I have ransacked my 2013 storytelling archive in putting together the top posts for 2013.
When I say “top,” I don’t necessarily mean the most popular posts. Instead, I’m looking for takes that blend a distinctive point of view with a language twist (or two).
Here comes the first half of the list –
A search on Google will turn up more than 100 benefits derived from blogging. I don’t think I’ve ever seen “cathartic release” captured as one of the benefits. Yet, that was the case with this post. One particular startup CEO who shall remain nameless to protect the guilty delivered enough fodder to fill a book. I only had time to write a post.
As my grandmother would have said if she were still alive, “Oy vey, these people are meshuggah.” As much as I take pains to say I’m a student of storytelling framed by business, that didn’t stop the National Storytelling Network from coming after me: “You, Mr. Hoffman, are no storyteller.” Rather than get defensive, I break down the initial email with the clinical detachment of a professor in his Sunday tweed jacket.
We’re fans of SlideShare, a poor man’s video in the hands of the right creative. This deck proves the sequel can outshine the original with the science and anecdotal evidence on why storytelling works. It also reminds us that storytelling wins over corporate speak virtually every time. I think it’s our best deck yet on the topic.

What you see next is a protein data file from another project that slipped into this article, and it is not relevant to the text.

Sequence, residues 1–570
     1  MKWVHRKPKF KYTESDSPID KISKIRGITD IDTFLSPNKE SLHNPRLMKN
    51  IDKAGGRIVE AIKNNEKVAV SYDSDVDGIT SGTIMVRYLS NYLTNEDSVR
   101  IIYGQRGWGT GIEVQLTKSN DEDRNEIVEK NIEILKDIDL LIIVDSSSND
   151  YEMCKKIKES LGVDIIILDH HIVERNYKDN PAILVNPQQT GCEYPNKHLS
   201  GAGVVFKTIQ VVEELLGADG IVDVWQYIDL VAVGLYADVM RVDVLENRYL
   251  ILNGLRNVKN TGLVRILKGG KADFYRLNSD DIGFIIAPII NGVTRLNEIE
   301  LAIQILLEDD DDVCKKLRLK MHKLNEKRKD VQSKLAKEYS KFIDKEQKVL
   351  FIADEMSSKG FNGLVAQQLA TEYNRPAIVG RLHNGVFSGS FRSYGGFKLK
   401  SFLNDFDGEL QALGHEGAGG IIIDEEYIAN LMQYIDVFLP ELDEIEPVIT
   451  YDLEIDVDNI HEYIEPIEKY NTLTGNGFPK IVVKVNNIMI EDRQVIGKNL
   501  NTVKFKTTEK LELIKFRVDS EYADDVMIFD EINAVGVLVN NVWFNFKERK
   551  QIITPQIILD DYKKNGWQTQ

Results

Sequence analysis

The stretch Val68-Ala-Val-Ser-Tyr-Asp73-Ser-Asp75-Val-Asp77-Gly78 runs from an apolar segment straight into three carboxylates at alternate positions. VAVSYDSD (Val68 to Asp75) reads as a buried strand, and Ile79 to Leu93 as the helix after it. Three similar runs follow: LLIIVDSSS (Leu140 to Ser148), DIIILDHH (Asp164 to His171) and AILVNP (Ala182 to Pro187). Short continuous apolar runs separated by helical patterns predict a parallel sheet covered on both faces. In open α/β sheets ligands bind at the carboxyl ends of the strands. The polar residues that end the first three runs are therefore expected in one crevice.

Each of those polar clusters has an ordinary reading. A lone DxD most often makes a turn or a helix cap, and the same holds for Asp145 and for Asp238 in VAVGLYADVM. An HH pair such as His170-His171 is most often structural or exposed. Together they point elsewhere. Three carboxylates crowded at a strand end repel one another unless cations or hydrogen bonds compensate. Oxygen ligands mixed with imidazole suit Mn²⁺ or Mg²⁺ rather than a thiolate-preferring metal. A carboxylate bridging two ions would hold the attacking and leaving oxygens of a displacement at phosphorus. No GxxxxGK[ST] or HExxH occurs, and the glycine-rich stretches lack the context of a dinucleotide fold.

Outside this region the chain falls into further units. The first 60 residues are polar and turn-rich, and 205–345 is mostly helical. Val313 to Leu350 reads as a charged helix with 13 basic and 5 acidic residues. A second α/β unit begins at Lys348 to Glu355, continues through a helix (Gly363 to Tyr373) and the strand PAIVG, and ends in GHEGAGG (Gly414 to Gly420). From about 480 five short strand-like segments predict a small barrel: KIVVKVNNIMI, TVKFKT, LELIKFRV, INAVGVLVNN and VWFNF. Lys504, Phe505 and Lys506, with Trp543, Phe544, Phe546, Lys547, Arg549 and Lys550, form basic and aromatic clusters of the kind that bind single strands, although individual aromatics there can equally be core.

After reading the media criticize the Obama administration for being too good at owned media, I took a shot at predicting what’s next. The result – a bastardization of BuzzFeed called GovFeed where self deprecation is taken to the next level.
All global PR agencies can look alike. Yet, as one delves into the “sausage making” element of implementing global communication campaigns, real differences do surface. we took the liberty of showing a real-life example from one of our clients and how this experience might have played out at a mega shop.
I’ll publish the rest of the top 10 list on Wednesday.
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